I still primarily only watch New York and Beverly Hills with any regularity (although Atlanta is always a favorite), and there have been times when I’ve thrown up my hands in disgust with what was actually going on with the season and stopped watching (I stopped watching Beverly Hills during the “let’s out Denise Richards as bi!” bullshit, for example, and never did finish the season); but I am still absolutely fascinated by the concept behind these shows. Is any of it for real? How much is set up and scripted? It becomes very easy to get sucked into the shows–they are highly addictive; they remind me a lot of soaps as they are very high on petty drama and melodrama, feuds and fights and arguments–and how much of what we see is actually not audience manipulation on the part of production, the network, and the editors. (Women often claim to have “gotten a bad edit”–which always makes me think about The Real World–that show really started everything) I find myself getting emotionally sucked into the petty dramas too–which often spill out into the social media world and the endless blogs that dedicate themselves to reporting on these shows–and there are times when I think, well done, production! I would have never guessed you could ever show me a side of this horrible woman that would make me sympathetic to her.
Because while the women may manipulate and scheme and plan and script things, the primary people being manipulated by production are the audience and the line between reality and “reality” often gets so blurred that it’s hard to tell what is real and what isn’t.
Take, for example, this current rollercoaster of a season of The Real Housewives of Beverly Hills. Before the season started airing there was gossip flying around the Internet about their Aspen trip and a meltdown by a supporting cast member in her second year officially on the show–Kathy Hilton, older sister of OG cast member Kyle Richards–that supposedly went “really dark”…only for the season to start airing and the behavior of other members of the cast (Lisa Rinna, Diana Jenkins, Erica Girardi) being far worse than any of the rumors floated about Kathy’s “meltdown.”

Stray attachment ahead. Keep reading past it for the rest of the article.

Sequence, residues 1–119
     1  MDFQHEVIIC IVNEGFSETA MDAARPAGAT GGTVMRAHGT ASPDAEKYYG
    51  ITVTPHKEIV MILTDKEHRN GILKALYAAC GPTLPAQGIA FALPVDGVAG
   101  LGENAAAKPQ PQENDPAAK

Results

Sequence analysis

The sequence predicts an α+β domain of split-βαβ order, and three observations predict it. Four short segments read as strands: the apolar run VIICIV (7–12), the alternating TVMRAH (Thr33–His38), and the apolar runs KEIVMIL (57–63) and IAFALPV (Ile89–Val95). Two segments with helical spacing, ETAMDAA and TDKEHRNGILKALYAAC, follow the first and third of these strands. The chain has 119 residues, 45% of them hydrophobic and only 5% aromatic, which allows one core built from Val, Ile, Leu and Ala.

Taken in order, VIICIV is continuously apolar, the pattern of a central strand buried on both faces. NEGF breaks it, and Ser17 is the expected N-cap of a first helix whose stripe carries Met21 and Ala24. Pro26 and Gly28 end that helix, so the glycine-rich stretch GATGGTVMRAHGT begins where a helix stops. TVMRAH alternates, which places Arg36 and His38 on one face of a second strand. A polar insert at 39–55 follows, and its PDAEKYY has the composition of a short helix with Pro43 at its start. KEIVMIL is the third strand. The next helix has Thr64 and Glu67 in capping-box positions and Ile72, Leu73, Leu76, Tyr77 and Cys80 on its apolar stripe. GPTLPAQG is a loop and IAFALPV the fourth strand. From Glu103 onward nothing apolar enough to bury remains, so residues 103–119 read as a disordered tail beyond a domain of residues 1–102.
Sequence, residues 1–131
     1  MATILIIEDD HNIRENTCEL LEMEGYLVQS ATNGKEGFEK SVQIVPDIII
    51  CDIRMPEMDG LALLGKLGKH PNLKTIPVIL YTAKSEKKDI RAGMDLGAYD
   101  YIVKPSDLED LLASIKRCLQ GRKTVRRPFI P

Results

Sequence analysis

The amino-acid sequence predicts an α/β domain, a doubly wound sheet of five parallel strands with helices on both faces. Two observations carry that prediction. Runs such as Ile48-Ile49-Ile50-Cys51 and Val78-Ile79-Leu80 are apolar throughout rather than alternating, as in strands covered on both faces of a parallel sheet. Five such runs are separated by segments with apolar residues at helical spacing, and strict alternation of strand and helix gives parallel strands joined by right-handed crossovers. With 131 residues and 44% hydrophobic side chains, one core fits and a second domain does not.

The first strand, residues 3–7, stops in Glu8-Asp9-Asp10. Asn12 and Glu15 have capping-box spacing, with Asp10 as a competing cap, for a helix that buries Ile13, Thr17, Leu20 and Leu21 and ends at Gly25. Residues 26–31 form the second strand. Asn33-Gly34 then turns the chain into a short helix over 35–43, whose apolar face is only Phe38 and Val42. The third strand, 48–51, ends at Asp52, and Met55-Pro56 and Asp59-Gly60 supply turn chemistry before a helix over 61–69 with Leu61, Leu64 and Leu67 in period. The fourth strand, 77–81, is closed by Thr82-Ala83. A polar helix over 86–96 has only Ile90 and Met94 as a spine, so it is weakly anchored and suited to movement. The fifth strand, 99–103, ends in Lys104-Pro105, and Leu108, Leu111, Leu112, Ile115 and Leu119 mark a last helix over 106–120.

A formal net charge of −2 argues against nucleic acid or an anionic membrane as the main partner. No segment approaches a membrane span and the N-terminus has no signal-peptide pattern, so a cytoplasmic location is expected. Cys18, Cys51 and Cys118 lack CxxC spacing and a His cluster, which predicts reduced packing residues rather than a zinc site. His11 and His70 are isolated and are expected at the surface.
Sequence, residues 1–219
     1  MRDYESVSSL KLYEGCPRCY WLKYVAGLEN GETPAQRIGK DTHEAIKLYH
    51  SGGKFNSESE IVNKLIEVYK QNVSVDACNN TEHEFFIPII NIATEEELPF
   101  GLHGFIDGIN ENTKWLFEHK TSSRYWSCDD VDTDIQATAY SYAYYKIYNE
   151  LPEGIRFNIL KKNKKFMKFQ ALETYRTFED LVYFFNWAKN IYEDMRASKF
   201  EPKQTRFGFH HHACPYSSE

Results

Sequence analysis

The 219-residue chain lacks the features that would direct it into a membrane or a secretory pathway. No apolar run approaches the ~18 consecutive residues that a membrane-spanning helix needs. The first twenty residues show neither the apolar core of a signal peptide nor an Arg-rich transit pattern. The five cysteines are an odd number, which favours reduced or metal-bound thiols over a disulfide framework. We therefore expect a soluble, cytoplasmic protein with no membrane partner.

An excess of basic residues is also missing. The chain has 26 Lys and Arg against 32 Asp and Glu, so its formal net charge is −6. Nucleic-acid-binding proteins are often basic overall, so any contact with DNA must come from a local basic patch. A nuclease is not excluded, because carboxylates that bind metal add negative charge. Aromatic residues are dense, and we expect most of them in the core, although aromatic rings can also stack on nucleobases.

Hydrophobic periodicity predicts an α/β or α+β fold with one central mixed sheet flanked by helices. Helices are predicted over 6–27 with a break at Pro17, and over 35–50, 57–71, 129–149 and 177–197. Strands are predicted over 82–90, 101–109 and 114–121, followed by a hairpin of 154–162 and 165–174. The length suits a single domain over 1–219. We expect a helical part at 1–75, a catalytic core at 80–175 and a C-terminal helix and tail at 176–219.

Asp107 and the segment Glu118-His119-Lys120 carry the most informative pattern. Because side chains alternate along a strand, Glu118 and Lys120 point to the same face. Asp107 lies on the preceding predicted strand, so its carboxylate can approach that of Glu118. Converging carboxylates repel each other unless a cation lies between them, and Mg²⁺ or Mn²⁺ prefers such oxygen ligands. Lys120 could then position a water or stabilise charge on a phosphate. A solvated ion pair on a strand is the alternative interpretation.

Again, a subject for another time, perhaps once the reunion episodes have aired.
Anyway, I had always thought that a Real Housewives type show, set and filmed in New Orleans, would make the excellent backdrop for a crime story, particularly because of those blurred lines between reality and “reality”…so I used it for one of those e-novellas back in the day. After they were taken off the market, I kept thinking about how I wasted the background of a reality show on a story no one can access anymore and so that original story eventually morphed into Scotty VIII, Royal Street Reveillon.
I fished the last olive out of my almost empty glass and popped it into my mouth. I glanced at my watch as I chewed it, and moaned after swallowing. “There’s nothing like a good martini,” I said, glancing around the bar and getting our server’s attention.
“Do we have time for another?” My nephew Taylor finished the rest of his sazerac and looked at me hopefully.
“I take it you liked it.” I replied, not even trying to hide my smile. “But no time for another unless we want to be late.”
This was Taylor’s first time at the Sazerac Bar. He’d turned twenty-one just a few weeks before Thanksgiving, and since we were going to a party at the Joy Theater, I thought I’d treat him to a sazerac in the bar where they were invented. I personally don’t care for the drink—give me gin or vodka any day of the week—but everyone in New Orleans is required to try a sazerac at least once.